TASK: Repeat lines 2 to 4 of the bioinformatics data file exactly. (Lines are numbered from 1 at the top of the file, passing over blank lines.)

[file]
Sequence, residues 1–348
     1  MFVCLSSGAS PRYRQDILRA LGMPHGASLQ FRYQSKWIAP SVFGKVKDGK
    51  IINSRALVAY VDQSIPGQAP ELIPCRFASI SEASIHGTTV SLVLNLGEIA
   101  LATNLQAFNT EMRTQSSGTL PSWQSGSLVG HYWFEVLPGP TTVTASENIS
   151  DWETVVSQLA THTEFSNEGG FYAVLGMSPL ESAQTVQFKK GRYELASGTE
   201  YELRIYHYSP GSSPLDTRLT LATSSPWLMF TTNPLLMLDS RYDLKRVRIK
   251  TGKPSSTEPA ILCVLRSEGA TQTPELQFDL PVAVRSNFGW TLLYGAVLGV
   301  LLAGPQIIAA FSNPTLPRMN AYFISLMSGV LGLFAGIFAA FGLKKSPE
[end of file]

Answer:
     1  MFVCLSSGAS PRYRQDILRA LGMPHGASLQ FRYQSKWIAP SVFGKVKDGK
    51  IINSRALVAY VDQSIPGQAP ELIPCRFASI SEASIHGTTV SLVLNLGEIA
   101  LATNLQAFNT EMRTQSSGTL PSWQSGSLVG HYWFEVLPGP TTVTASENIS